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The Skaggs Institute
for Chemical Biology


Scientific Report 2007




Components of the Translation Apparatus in Neurologic Disease


P. Schimmel, J. Bacher, K. Beebe, R. Belani, Y. Chong, Z. Druzina, P. Fanta, M. Guo, M. Hanan, I.L. Jung, M. Kapoor, S. Kim, S.H. Lee, J. Liu, E. Merriman, M. Mock, C. Motta, M.H. Nawaz, F. Otero, Y.Z. Song, M.-N. Vo, W.F. Waas, W. Xie, X.-L. Yang, W. Zhang, Q. Zhou

Charcot-Marie-Tooth (CMT) disease is the most common heritable peripheral neuropathy in humans. Among other problems, patients with this disease have muscular weakness and atrophy in their distal extremities, no or diminished tendon reflexes, and impaired sensation. The ataxia (difficulty in walking) the patients experience is caused by defective neuronal conduction in axons. Remarkably, a subgroup of patients who have CMT disease have mutations in genes for either of 2 aminoacyl tRNA synthetases. Members of the tRNA synthetase family of enzymes are components of the translation apparatus found in all living organisms. The translation apparatus converts, or translates, the information in genes (DNA) into proteins.

GARS and YARS, genes for glycyl-tRNA synthetase (GlyRS) and tyrosyl-tRNA synthetase (TyrRS), respectively, are among the different genetic loci causally linked to CMT disease. The disease-causing mutations are dominant. At least 9 distinct mutant alleles in humans have been reported for GARS. Several of these genes are fully active in their functions for translation. These mutations cause CMT2D, a subtype of CMT disease characterized by a slowly progressing neuropathy that affects mostly the distal extremities. In a model developed by our collaborators at Jackson Laboratories, Bar Harbor, Maine, mice have a gene that encodes a mutant GlyRS that is fully active for aminoacylation. The mutant mice have the CMT2D phenotype of reduced nerve conduction velocities, a loss of axons with large diameters, and no defects in myelination. Because a deficit of aminoacylation function per se is not the cause of CMT, mice with a loss-of-function (aminoacylation) allele created by a gene-trap insertion were normal.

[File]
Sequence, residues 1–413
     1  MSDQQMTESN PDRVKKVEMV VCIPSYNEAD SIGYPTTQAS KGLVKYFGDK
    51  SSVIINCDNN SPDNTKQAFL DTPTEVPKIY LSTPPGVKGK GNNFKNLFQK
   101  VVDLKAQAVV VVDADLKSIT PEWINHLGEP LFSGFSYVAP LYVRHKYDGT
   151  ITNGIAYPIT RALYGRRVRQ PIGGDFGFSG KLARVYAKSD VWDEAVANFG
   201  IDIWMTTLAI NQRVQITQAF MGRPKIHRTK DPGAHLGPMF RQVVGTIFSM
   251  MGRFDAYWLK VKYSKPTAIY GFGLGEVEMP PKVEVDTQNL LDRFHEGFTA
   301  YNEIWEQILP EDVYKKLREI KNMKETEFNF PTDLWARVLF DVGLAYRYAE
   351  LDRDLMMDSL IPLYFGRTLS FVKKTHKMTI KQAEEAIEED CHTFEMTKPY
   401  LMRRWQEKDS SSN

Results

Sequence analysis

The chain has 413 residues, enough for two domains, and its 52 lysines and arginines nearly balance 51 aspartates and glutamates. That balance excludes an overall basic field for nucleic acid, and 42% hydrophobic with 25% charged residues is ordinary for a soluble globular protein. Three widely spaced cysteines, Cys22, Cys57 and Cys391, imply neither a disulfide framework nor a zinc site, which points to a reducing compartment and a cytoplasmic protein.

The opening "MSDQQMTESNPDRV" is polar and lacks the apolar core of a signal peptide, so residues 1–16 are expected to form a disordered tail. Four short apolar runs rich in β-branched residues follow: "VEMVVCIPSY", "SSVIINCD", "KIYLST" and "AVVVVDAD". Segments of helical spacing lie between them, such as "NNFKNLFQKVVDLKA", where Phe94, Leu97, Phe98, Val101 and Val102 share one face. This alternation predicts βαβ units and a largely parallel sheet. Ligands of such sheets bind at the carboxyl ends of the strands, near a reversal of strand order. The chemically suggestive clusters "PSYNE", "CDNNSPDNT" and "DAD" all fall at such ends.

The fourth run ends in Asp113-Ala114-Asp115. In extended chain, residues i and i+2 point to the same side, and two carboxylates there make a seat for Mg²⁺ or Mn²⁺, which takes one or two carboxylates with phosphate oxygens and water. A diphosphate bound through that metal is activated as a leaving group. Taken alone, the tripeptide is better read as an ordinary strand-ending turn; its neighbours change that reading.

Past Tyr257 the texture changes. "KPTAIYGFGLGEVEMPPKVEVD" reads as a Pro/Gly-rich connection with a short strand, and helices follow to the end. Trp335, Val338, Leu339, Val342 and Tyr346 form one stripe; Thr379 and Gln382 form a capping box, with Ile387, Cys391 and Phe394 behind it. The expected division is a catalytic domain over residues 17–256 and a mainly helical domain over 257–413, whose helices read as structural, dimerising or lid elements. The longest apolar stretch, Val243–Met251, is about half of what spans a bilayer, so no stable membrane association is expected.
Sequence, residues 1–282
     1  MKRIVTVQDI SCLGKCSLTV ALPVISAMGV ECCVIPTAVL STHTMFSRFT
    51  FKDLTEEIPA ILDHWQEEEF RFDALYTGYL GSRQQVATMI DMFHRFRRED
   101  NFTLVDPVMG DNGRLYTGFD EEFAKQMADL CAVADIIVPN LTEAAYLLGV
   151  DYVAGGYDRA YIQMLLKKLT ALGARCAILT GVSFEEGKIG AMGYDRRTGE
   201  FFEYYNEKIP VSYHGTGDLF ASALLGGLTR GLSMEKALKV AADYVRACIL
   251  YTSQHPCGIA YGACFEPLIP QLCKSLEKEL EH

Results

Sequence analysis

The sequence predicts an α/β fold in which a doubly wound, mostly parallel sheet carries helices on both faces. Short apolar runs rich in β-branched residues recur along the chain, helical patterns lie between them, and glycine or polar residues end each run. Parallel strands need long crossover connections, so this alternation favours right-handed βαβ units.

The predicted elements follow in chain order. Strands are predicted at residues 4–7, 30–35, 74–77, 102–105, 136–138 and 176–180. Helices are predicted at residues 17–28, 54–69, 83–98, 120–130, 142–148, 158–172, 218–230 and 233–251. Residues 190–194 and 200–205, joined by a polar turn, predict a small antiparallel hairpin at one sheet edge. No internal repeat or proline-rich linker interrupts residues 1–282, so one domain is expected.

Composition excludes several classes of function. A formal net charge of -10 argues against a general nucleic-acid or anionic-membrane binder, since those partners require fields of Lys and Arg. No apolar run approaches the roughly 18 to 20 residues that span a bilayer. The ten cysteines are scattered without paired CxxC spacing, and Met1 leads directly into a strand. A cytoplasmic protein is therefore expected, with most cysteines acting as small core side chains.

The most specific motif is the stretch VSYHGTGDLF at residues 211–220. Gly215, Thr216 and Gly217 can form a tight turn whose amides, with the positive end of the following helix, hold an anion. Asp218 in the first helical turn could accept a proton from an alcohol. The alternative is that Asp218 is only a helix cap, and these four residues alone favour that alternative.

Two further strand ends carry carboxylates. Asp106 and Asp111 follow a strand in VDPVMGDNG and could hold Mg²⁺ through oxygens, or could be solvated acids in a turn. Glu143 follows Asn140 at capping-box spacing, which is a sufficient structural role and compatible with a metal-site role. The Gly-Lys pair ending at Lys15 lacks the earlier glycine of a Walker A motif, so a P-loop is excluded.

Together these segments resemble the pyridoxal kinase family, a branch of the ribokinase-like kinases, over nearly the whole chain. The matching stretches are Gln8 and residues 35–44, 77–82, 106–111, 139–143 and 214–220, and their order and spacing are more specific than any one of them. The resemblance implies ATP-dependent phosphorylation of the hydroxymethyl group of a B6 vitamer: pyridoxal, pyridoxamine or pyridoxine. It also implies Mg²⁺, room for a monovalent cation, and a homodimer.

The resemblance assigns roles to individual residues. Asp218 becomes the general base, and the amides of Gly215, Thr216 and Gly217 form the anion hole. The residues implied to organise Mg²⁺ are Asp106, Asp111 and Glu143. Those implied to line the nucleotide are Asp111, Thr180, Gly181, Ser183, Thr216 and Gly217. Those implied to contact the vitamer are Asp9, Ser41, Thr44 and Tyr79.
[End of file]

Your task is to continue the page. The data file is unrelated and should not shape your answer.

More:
We have determined the x-ray crystal structures of the homodimeric human GlyRS and TyrRS molecules. Placing the disease-causing mutations onto the structure of human GlyRS showed them within a band encompassing both sides of the dimer interface. Strikingly,
2 CMT-causing mutations are complementary partners of a kissing contact across the dimer interface. Further analyses indicated that most mutations affect dimer formation (to enhance or weaken). A subset of 7 mutant proteins and the wild-type protein were expressed in transfected neuroblastoma cells that sprout primitive neurites. Although the wild-type protein was distributed into the nascent neurites and was associated with normal sprouting, all mutant proteins had defective distribution. Thus, the CMT-causing mutations of GlyRS have a common defect that may be connected in some way to a change in surfaces at the dimer interface.

The undisturbed ability of several of the mutant proteins to function in translation suggests a novel, new function of tRNA synthetases in neurogenesis. Expanded functions for tRNA synthetases in human cells have been demonstrated in other instances. For example, tryptophanyl-tRNA synthetase is converted to a cytokine that is a potent antiangiogenesis factor. Our future goal is to understand the functions of GlyRS and TyrRS in neurogenesis. Currently, we are identifying potential interacting partners of GlyRS and TyrRS in neuronal cells. The activities of the synthetases in neurogenesis likely are manifested through the complexes they form with these partners.

Publications

Bacher, J, Schimmel, P. An editing-defective tRNA synthetase is mutagenic in aging bacteria via the SOS response. Proc. Natl. Acad. Sci. U. S. A. 104:1907, 2007.

Bacher, J., Waas, W.F., Metzgar, D., de Crécy-Lagard, V., Schimmel, P. Genetic code ambiguity confers a selective advantage on Acinetobacter baylyi. J. Bacteriol. 189:6494, 2007.

Beebe, K., Waas, W., Druzina, Z., Guo, M., Schimmel, P. A universal plate format for increased throughput of assays that monitor multiple aminoacyl tRNA synthetase activities. Anal. Biochem. 368:111, 2007.

Nangle, L., Zhang, W., Xie, W., Yang, X.-L., Schimmel, P. Charcot-Marie-Tooth disease-associated mutant tRNA synthetases linked to altered dimer interface and neurite distribution defect. Proc. Natl. Acad. Sci. U. S. A. 104:11239, 2007.

Waas, W.F., Druzina, Z., Hanan, M., Schimmel, P. Role of a tRNA base modification and its precursors in frameshifting in eukaryotes. J. Biol. Chem. 282:26026, 2007.

Waas, W.F., Schimmel, P. Evidence that tRNA synthetase-directed proton transfer stops mistranslation. Biochemistry 46:12062, 2007.

Xie, W., Nangle, L.A., Zhang, W., Schimmel, P., Yang, X.-L. Long-range structural effects of a Charcot-Marie-Tooth disease-causing mutation in human glycyl-tRNA synthetase. Proc. Natl. Acad. Sci. U. S. A. 104:9976, 2007.

Yang, X.-L., Guo, M., Kapoor, M., Ewalt, K.L., Otero, F.J., Skene, R.J., McRee, D.E., Schimmel, P. Functional and crystal structure analysis of active site adaptations of a potent anti-angiogenic human tRNA synthetase. Structure 15:793, 2007.

 

Paul R. Schimmel, Ph.D.
Ernest and Jean Hahn Professor and Chair of Molecular Biology and Chemistry

Schimmel Web Site